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Special Session at SETAC World Congress 2012

SNNI chairs a session at the 6th SETAC World Congress / SETAC Europe 22nd Annual Meeting to be held in the Estrel hotel in Berlin from 20-24 May 2012

Greener nanotechnology, an integrative approach to an emerging technology

Conference chairs: James Hutchison, SNNI Director and Kira Matus, London School of Economics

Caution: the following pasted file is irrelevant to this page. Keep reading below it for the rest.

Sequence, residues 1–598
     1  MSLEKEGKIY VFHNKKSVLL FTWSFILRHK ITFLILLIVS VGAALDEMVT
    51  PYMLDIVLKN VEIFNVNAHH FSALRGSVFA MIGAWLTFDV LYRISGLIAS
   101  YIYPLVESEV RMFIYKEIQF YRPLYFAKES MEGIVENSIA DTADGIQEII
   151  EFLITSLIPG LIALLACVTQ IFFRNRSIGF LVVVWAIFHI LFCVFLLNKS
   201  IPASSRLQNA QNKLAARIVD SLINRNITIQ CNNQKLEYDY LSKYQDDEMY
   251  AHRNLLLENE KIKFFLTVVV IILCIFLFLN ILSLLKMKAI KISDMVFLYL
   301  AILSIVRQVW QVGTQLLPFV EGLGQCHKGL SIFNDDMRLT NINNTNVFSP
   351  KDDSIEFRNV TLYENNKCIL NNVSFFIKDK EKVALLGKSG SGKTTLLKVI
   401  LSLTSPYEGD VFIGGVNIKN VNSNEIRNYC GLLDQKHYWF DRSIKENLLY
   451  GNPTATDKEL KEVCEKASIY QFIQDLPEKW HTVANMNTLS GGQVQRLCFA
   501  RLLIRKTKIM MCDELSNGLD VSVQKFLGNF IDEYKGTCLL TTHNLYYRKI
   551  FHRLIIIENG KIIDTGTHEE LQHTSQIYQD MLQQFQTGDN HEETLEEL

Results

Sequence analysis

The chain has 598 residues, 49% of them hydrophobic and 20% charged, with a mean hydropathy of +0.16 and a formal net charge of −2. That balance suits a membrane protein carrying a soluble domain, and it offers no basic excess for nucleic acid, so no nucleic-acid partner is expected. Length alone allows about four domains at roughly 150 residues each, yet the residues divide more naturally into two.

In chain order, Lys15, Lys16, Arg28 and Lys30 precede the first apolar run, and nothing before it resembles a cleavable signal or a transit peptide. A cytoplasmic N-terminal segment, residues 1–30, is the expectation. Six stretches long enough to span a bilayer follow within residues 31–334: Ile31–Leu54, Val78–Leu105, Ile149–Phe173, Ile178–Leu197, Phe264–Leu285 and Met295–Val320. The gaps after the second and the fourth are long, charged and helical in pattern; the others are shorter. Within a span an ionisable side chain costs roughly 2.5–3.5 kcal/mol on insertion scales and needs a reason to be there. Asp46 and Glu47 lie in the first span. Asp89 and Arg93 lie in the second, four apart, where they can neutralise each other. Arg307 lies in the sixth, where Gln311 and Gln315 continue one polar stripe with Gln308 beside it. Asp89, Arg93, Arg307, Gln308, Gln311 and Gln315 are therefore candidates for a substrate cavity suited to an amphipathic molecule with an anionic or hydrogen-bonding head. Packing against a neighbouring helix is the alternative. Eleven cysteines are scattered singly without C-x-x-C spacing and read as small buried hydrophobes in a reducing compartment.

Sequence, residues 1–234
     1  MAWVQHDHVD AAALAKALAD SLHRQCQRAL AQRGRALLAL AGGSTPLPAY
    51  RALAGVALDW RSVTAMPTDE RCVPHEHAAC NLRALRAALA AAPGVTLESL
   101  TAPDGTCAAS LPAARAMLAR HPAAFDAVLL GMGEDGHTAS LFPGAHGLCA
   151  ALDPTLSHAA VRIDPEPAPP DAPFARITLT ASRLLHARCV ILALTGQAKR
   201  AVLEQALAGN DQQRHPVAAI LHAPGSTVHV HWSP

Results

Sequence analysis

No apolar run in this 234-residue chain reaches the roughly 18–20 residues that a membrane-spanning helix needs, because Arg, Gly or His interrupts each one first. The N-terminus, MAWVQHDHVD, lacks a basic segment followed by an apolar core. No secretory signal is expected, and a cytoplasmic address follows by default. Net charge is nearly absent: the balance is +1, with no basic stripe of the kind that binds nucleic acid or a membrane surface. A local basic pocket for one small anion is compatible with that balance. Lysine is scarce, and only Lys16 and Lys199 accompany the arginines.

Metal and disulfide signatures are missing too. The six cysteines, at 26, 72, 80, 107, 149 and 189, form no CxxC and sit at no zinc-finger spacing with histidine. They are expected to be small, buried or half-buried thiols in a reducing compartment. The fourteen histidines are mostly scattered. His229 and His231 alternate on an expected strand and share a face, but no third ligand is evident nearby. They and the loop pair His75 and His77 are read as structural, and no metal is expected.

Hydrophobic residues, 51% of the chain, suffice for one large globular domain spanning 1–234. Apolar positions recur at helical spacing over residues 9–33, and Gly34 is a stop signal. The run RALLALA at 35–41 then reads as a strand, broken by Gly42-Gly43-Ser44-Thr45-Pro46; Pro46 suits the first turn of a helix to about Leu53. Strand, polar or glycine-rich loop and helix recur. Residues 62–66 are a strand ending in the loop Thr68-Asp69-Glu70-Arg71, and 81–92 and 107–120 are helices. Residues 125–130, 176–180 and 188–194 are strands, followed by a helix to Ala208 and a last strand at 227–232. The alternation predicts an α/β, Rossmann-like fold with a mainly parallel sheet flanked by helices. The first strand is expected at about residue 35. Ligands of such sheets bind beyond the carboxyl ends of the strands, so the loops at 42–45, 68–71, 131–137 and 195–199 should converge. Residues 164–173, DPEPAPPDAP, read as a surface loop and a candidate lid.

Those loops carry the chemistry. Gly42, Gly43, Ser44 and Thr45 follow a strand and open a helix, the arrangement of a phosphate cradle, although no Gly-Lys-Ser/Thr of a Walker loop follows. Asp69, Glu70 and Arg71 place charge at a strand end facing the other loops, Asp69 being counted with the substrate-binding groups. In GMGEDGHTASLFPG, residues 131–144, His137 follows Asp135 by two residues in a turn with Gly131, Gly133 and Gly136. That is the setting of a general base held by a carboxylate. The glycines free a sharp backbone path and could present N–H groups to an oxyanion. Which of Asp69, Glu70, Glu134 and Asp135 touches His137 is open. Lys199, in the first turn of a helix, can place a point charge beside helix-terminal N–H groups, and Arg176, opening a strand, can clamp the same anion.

Description: Nanotechnology promises to revolutionize many areas within science and technology ranging from electronics to medicine. Unprecedented size-dependent material properties are being discovered in nanoscale materials. These properties can be harnessed to produce entirely new materials. Given the predicted widespread use of nanomaterials and the potential for new, size-dependent hazards, concerns have arisen about the biological and environmental impact of the materials and the processes used to manufacture them. The putative risks associated with manufacture and use of these new nanomaterials has been the subject of much debate. Spurred, in part, by calls for moratoria on nanomaterials and studies suggesting possible hazards, scientific and regulatory groups have come together in order to move the technology forward while concurrently considering the biological/ecological impacts. Despite the thousands of articles published on the biological impacts of nanomaterials, there is still little consensus. Though these early studies employed rigorous testing regimes, they assumed that nanomaterials would behave like their bulk counterparts, thus not considering the unique properties of nanomaterials such as size, shape, charge, surface area or purity. This led to batch-to-batch variations in toxicological responses of ‘off-the-shelf’ nanomaterials. Recent studies show that impurities and nanomaterial composition (e.g. surface chemistry, ligands, charge, etc.) dramatically affect the results. This partly explains why toxicological responses reported in the literature vary so widely. Adopting an integrative approach to nanoscience that incorporates the principles of green chemistry and concurrently considers the safety of nanomaterials will be crucial to moving the field forward. Green nanoscience applies the principles of green chemistry to nanoscience in order to rationally design safe, yet high-performance, nanoscale materials, develop efficient and inexpensive manufacturing approaches to these materials, and incorporate nanoscale materials into high-performance microscale or larger devices. This approach will simultaneously provide opportunities to meet these challenges and to develop sustainable technologies and materials. Although many have embraced the principles of green chemistry and recognize the need for sound science to inform policy, reducing these principles to practice remains a barrier for most commercial endeavors. This session will explore strategies to develop safer nanomaterials and nanomanufacturing methods, offer guidance to policy makers and provide tools for industry in adoption of cleaner production methods.

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